Tip Deprojection and Lengthening?

My doctor wants to do a tip deprojection/lengthening on my nose for my rhinoplasty surgery. This sounds great in theory, as my nose is slightly short and upturned. The problem is, I'm more concerned with my tip which is kind of bulbous, and I'd like it to be more refined. Would deprojecting the nose make my tip more bulbous? How is the tip DEprojection done? Also, what is the technique for lengthening a nose?

Doctor Answers (7)

Tip Deprojection and Lengthening

+2

Hi again Ivy. Deprojection of the tip will require reduction and remodeling of the tip cartilages, so this would be part of the tip work that should reduce your bulbosity. Deprojection is not an isolated process, it is part of what happens when an overprojecting nose is reshaped. The lengthening of the nose is accomplished with cartilage grafting and sutures, and the tip reduction provides the extra skin on the bridge of the nose needed to allow the nose to elongate. These are not techniques to be undertaken lightly, and should be done only by a very experienced rhinoplasty surgeon.

Hope this helped!


Portland Plastic Surgeon
5.0 out of 5 stars 6 reviews

Questions about rhinoplasty technique

+1

You are using several technical terms which are difficult to understand without a photograph. Deprojection is used for patients that have a very prominent tip in comparision to their bridge. Perhaps, you should have your surgeon show you the difference of a rhinoplasty with or without the deprojection so that you can have a better understanding the implications of perfroming or abandoning this technique.

Otto Joseph Placik, MD
Chicago Plastic Surgeon
5.0 out of 5 stars 44 reviews

Bulbous nasal tip reduction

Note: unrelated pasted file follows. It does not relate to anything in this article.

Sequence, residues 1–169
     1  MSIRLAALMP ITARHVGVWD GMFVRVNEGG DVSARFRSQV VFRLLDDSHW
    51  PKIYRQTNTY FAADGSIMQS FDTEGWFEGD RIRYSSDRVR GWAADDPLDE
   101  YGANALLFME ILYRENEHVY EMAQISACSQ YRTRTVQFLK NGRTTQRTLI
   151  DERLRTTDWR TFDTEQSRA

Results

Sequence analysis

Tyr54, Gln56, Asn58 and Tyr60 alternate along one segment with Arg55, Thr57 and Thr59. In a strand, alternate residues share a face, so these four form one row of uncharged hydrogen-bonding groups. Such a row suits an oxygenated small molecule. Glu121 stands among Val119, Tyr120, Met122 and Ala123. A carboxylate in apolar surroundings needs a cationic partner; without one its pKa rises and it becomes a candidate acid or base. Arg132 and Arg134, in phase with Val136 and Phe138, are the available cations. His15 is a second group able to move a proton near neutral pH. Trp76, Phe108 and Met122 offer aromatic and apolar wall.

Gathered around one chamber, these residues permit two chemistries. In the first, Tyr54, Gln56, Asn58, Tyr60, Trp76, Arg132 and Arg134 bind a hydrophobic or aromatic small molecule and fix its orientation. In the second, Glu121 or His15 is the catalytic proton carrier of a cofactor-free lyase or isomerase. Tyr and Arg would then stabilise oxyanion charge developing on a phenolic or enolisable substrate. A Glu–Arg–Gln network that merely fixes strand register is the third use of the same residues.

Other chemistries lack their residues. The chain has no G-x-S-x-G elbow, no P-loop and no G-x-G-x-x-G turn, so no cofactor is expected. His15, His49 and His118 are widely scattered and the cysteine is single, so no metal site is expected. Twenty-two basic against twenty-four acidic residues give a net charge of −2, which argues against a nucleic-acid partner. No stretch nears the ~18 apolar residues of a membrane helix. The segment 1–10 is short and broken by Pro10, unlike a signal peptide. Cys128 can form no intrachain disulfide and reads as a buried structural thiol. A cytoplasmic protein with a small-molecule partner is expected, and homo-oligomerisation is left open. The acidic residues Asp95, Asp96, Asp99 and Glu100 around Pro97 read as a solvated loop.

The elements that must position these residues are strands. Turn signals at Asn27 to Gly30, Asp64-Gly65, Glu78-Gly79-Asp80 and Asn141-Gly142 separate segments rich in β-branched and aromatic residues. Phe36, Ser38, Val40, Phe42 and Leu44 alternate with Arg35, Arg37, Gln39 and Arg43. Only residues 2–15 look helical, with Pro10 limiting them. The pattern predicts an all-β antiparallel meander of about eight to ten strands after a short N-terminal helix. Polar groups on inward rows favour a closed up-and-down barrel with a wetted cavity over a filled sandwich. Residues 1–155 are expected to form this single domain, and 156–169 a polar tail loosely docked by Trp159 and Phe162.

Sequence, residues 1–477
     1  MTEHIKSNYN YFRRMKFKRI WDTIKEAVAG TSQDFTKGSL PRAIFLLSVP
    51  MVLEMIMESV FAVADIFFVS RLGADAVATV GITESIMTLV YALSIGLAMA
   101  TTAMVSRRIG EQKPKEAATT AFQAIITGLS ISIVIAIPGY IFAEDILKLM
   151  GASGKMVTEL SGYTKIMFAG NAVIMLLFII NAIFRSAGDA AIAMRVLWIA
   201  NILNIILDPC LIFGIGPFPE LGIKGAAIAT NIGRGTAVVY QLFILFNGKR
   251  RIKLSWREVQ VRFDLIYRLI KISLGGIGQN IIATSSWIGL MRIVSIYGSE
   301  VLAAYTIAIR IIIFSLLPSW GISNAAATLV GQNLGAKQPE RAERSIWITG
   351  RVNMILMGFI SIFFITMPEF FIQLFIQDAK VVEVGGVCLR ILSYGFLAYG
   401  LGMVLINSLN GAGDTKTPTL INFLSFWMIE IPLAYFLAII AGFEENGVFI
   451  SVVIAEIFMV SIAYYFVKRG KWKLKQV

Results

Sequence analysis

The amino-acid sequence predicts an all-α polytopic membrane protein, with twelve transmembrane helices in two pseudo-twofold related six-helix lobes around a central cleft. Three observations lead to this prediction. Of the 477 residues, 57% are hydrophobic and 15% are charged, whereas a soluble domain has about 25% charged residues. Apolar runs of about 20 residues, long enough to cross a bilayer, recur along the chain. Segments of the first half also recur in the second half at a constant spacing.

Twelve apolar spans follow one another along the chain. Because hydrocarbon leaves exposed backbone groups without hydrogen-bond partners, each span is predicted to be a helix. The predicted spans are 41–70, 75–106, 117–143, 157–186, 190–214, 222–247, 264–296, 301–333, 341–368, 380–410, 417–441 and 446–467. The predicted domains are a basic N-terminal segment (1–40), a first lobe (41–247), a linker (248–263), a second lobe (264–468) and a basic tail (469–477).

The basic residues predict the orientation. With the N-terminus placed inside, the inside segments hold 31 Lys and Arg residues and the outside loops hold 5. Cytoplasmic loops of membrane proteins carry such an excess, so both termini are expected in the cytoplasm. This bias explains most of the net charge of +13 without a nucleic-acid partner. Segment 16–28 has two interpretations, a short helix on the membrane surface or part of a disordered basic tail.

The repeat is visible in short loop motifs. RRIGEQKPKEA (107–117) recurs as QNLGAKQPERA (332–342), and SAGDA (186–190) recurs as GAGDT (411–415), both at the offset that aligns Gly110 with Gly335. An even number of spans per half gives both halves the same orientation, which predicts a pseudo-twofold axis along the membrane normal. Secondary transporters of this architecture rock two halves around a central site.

+1

Dear rhinoplasty patient from Cleveland, OH,
Nasal tip refinement is done in most rhinoplasty cases. Correction of a bulbous tip requires reshaping and repositioning of the nasal tip cartilages. This can be done by reducing tip volume while preventing it from rotating upward. An experienced rhinoplasty surgeon will take all these factors into account to ensure  nose is in harmony with the rest of the face and looks natural.
 

Kevin Sadati, DO
Orange County Facial Plastic Surgeon
5.0 out of 5 stars 91 reviews

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Rhinoplasty Tip Techniques

+1

Tip alteration is very common in rhinoplasty surgery.  Tip rotation can be decreased readily with numerous techniques and most certainly refinement of the tip can be done simultaneously.  You must first be comfortable with your surgeon's approach.  Get all questions answered.

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Earl Stephenson, Jr., MD, DDS
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Deprojection of a bulbous nose and lengthening of a short nose

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Deprojection of a bulbous nose can cause the tip to appear less refined, depending on the cause of the bulbosity. However, the bulbosity may be addressed at the same time. Lengthening the nose is one of the more difficult maneuvers in rhinoplasty and technically involves extending the nasal septum and possibly augmenting the nasal tip with cartilage grafts.

Anand D. Patel, MD
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Tip De-projecting, and Lengthening

+1

If you mentioned to your surgeon that you want the tip of your nose to be less bulbous - he/she can fix that.  Usually this is done by trimming part of your lower lateral cartilages and shaping them and sewing them in a way to make the tip narrower.  This can be done in conjunction with tip de-projecting and lengthening which are performed with other maneuvers.  It's a little complicated but if you have any questions or what exactly is going to be done, you should ask your surgeon to explain it until you feel 100% comfortable and have a clear understanding prior to proceeding with surgery.  I'm sure he/she will be happy to explain everything to you.

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Catherine Huang-Begovic, MD
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Deprojecting nose

+1

De projecting the nose will not necessarily make the tip more bulbous. The bulbous tip can be refined at the same time.

Steven Wallach, MD
Manhattan Plastic Surgeon
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These answers are for educational purposes and should not be relied upon as a substitute for medical advice you may receive from your physician. If you have a medical emergency, please call 911. These answers do not constitute or initiate a patient/doctor relationship.